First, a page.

The movement lives through several ongoing phases: 1) Black poets create and collectively house poetry videos with the mantra "I am a black poet who will not remain silent while this nation murders black people. I have a right to be angry;" 2) serve as an off-line literary protest where poets and members of the community can safely gather and share information for marching, understanding and healing; 3) tie the power of the poetic voice to civic engagement through a unique letter writing campaign, where poets and allies submit letters and poetry videos to their elected officials. The letters call for immediate action against police violence and present solutions to the President, Vice President, and Attorney General by organizers across the nation. 4) Lesson plans - available at www.poetrysociety.org.
Black Poets Speak Out uses the force of art to transform policy.
Read our interview with Mahogany about her work with Black Poets Speak Out.
John Lee Clark, for his translation of ASL poetry and advocacy for poets with disabilities.
Photo by: Louis Miranda
John Lee Clark is a second-generation DeafBlind man, poet, and educator. Even before leaving Gallaudet, Clark and his then-fiancee, now wife, envisioned a literary magazine "of the signing community," and decided to name it The Tactile Mind. Its first 100-page, perfect-bound issue came out in the winter of 2000-2001. The venture quickly grew into a small press that published books and produced DVDs of ASL storytelling and poetry. John also began to place his own poetry in increasingly prestigious journals and to win grants and fellowships. Adrean’s career in comics was also taking off. After the arrival of three boys, however, the couple’s energies were spread too thin to do The Tactile Mind Press justice. It closed in 2007. Soon after, one of its leading authors, Raymond Luczak, set up Handtype Press and reversed roles with John by publishing his chapbook of poems, Suddenly Slow. In 2009, Gallaudet University Press published his scholarly anthology Deaf American Poetry, which one reviewer called “a flagship contribution to American poetry.” In 2013, Handtype Press published his anthology of contemporary signing community fiction, poetry, and nonfiction, Deaf Lit Extravaganza.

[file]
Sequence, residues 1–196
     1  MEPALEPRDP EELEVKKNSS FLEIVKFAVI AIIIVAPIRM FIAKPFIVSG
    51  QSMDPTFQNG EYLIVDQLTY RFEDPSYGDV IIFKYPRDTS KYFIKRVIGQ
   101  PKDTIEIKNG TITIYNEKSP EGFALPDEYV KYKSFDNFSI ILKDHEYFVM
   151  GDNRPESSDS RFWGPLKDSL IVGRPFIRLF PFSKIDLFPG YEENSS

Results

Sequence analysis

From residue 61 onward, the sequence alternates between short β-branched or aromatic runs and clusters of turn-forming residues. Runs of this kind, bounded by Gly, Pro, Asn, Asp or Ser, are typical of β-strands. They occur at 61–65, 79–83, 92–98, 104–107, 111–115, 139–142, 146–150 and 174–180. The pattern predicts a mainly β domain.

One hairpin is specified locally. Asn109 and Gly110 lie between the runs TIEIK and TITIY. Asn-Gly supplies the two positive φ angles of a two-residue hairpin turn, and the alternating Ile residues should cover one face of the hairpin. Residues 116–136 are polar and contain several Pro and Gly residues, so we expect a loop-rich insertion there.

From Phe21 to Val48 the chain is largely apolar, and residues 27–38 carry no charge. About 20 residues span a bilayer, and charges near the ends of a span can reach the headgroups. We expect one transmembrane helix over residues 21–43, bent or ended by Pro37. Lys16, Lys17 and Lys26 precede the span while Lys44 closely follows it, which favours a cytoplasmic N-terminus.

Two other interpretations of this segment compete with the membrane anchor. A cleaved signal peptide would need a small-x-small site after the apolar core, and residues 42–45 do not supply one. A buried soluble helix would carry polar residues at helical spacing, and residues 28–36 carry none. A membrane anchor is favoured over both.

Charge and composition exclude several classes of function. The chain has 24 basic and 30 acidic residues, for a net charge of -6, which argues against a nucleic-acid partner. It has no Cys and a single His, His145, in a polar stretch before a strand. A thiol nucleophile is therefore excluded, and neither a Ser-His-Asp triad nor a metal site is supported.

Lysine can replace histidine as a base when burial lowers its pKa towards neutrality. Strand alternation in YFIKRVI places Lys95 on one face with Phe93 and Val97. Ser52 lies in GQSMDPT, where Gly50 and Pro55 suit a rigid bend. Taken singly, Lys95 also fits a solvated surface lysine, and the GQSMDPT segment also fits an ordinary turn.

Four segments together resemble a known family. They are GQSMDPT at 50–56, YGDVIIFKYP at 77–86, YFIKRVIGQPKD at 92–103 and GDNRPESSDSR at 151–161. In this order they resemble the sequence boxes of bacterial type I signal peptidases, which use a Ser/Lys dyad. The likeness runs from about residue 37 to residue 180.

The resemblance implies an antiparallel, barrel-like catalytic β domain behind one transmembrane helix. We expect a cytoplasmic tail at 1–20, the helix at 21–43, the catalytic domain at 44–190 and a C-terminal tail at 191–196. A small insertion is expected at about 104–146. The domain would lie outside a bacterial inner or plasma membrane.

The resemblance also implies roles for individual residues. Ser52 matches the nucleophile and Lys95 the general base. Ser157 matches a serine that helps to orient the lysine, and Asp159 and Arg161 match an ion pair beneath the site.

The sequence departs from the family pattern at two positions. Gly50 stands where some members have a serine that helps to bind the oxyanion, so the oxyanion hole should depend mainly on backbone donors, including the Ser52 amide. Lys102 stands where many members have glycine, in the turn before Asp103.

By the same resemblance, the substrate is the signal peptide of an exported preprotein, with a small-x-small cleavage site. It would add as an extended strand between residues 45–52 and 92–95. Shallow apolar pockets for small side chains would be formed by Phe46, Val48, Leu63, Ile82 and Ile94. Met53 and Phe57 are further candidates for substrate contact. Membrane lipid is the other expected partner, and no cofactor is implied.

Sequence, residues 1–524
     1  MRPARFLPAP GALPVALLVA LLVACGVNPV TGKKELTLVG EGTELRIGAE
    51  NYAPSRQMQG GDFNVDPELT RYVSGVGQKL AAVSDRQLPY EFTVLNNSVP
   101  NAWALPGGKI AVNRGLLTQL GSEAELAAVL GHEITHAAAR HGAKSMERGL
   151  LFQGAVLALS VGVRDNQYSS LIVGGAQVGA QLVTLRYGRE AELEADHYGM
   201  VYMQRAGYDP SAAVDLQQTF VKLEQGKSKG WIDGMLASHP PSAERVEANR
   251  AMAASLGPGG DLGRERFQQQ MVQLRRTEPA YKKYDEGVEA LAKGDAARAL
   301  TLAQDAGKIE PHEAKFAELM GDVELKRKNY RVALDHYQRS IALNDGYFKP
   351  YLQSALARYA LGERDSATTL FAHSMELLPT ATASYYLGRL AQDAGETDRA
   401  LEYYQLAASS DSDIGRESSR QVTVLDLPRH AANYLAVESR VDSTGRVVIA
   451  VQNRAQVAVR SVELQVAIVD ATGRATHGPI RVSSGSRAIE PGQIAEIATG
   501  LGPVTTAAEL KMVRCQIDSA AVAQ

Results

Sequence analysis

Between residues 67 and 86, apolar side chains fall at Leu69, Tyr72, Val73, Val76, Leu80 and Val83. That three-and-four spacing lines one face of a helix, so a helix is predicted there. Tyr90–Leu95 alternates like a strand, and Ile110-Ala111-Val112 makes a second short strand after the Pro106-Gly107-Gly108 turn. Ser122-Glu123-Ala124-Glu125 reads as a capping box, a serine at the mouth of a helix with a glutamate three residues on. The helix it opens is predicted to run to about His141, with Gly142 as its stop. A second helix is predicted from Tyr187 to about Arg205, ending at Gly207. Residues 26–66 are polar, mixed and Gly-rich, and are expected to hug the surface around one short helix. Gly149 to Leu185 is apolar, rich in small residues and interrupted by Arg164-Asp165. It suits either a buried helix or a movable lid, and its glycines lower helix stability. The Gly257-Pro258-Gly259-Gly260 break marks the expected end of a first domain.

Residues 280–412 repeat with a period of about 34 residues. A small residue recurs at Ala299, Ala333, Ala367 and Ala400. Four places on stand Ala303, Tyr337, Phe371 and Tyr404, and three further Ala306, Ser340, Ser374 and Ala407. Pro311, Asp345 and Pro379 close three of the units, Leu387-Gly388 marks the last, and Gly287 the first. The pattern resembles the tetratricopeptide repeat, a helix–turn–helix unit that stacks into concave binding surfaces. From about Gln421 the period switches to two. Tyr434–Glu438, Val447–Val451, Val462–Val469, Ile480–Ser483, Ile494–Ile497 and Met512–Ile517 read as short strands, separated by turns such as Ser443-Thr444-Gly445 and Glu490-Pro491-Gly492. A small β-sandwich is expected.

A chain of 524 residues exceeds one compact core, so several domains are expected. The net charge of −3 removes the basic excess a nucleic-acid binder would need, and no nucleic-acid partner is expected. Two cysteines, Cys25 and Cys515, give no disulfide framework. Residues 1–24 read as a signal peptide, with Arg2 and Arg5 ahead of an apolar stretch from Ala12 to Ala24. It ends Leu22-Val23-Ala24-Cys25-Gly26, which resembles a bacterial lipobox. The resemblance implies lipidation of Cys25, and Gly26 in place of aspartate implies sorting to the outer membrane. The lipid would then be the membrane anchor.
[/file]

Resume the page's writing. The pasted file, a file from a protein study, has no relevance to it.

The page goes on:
The diverse publications John’s work has appeared in include The Chronicle of Higher Education, McSweeney’s, Pif, Poetry, The Minneapolis Star Tribune, The Seneca Review, and Sign Language Studies. He was one of the featured writers at the Deaf Way II International Cultural Arts Festival. Some of the anthologies he has been in are Beauty Is a Verb: The New Poetry of Disability, Deaf American Prose, and Saint Paul Almanac. A collection of essays is forthcoming and his first full-length collection of poems is seeking a publisher. He is currently at work on three other books.
When not writing, John is very active in several communities; among other things, he serves on the Commission of Deaf, DeafBlind, and Hard of Hearing Minnesotans. He is also a certified Braille instructor and a certified Pro-Tactile trainer. He is available for regular local lessons and for presentations, workshops, and readings anywhere. Read our interview with John about his work with ASL poetry.